It is fittingÂ and appropriate that my first post at iBankCoin.com will likely appear on a very volatile day for the U.S. equity markets. WhileÂ I had hoped to post a chart of a great breakout or a sick-looking breakdown, the current market environment requires an alternative inaugural theme. Ultimately, I have posted a breakdown; it just happens to be the Nasdaq Composite.
Technical Analysis, which will be the focus of this blog, is sometimes considered to be a toolÂ for prognosticators and a crutch for the lazy and ignorant investor. Whatever value traders assign to Technical Analysis,Â itÂ can beÂ indispensible in helpingÂ us toÂ understand what has happened in the past. Once this is understood, itÂ becomesÂ logical toÂ consider future scenarios which weÂ can thenÂ determine to be eitherÂ ordinary or extraordinary.
To that end, let us examine a 5-year chart of the Nasdaq Composite. Note that the 5-year time span is not arbitrary. After the tech bubble blow-up, the index bottomedÂ in October 2002. Since then, the Nasdaq has been making higher highs and higher lows.Â For 5 years, the trend has been orderly with regular upswings and pullbacks.
Â With the chanting of “Bear Market” and theÂ daily write-downs of billions of dollars by the financial industry, it is easy to assume that this most recent correction isÂ moreÂ severe than those of the past. Actually,Â while the beginning of most corrections are very violent, the recent action in the Nasdaq is not particularly alarming or out of the ordinary. At least not yet.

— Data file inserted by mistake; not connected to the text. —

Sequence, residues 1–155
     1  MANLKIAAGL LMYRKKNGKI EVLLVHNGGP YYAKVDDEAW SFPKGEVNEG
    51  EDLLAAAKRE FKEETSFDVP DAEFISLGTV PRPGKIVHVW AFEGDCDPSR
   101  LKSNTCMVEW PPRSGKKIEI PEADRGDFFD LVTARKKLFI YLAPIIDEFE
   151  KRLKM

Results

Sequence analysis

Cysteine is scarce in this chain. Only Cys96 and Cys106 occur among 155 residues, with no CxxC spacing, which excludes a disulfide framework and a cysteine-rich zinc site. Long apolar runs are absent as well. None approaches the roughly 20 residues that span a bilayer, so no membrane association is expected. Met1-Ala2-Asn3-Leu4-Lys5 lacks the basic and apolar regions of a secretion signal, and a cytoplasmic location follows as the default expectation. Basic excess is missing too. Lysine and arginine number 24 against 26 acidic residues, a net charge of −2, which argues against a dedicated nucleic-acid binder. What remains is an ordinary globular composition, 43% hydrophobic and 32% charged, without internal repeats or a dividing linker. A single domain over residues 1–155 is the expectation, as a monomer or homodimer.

Consider that from May 2006 to July the index underwent a correction which shaved 15% from the peak value. Most traders likelyÂ do not recall any particular catalyst which led to the decline. I know I do not remember anything in particular about that period of market history, except that maybe Bird Flu was going to bring about the armageddon du jour. Who remembers the correction of January 2004, which lastedÂ 8 months, and dissolved ~19% from the Nasdaq? What was the catalyst?
The point is that these corrections are normal. And while they seem like big news at the time, in retrospect they are often nothing more than a blip in a large uptrend.Â While understanding that perspective can provide longer-term traders with an edge, shorter-term traders need to consider whether the latest correctionÂ catalyst (sub-prime loans and the credit crunch) is significant enough to cause an event which may be determined to be extraordinary, relative to the 5-year trend. If the latest catalyst can be quantified to be more or less significant than previous catalysts, an edge may be developed by positioning accordingly.
IfÂ this is a normal correction, it would follow that the Nasdaq may pullback to the area of 2430. A move to that level would constitute aÂ retracement of ~15%, and would beÂ ordinary relative to the 5-year trend. It would also place the index at support levels generated fromÂ the pullbacks in March and August of 2007.Â
However, should the Nasdaq break the long-term trend line established from the October 2002 and July 2006 lows, the move will be extraordinary and the index will be in theÂ bear market zone.